Key Research Interests

Non-progressive dysarthria following stroke:  A case-control study investigating speech characteristics and impacts on intelligibility.

Dysarthria is a motor speech disorder that can occur following a stroke. It can make a person’s speech hard to understand and is estimated to affect around 30,000 to 45,000 people each year in the UK.  Currently little is known about how speech in non-progressive dysarthria following stroke differs from that in progressive conditions such as Parkinson’s Disease.  This quantitative observational study aims to: i) describe ways in which the speech of people with non-progressive dysarthria following stroke differs from the speech of non-dysarthric people; ii) find out how these changes affect other people’s understanding of the speech; and iii) explore the effect of the first two factors on participation in society.  It is part of a PhD Studentship funded by the University of East Anglia.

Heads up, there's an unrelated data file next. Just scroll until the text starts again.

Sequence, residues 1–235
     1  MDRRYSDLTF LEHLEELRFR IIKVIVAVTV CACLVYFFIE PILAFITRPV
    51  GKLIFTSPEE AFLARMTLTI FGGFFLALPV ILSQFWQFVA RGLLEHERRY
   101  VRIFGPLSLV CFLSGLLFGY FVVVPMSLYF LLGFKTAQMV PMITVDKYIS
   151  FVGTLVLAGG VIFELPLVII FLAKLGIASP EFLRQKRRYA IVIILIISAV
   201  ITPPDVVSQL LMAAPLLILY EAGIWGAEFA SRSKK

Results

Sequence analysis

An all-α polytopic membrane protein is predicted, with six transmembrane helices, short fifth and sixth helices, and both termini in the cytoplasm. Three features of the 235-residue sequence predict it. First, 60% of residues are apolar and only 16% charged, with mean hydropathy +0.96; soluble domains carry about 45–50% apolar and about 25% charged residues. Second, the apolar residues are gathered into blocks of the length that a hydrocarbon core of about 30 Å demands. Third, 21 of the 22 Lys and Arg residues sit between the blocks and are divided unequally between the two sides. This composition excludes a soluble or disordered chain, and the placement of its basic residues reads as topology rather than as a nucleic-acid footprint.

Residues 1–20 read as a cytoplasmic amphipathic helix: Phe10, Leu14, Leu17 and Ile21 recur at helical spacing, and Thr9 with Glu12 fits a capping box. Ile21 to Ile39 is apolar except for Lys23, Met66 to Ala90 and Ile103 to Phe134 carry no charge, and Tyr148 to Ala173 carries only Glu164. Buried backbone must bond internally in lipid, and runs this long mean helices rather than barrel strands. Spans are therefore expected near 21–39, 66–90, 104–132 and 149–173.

Primary Supervisor:  Dr Jan McAllister.   Secondary Supervisor: Dr Zoe Butterfint.   Additional members of the supervisory team:  Dr Simon Horton and Professor Phyo Myint.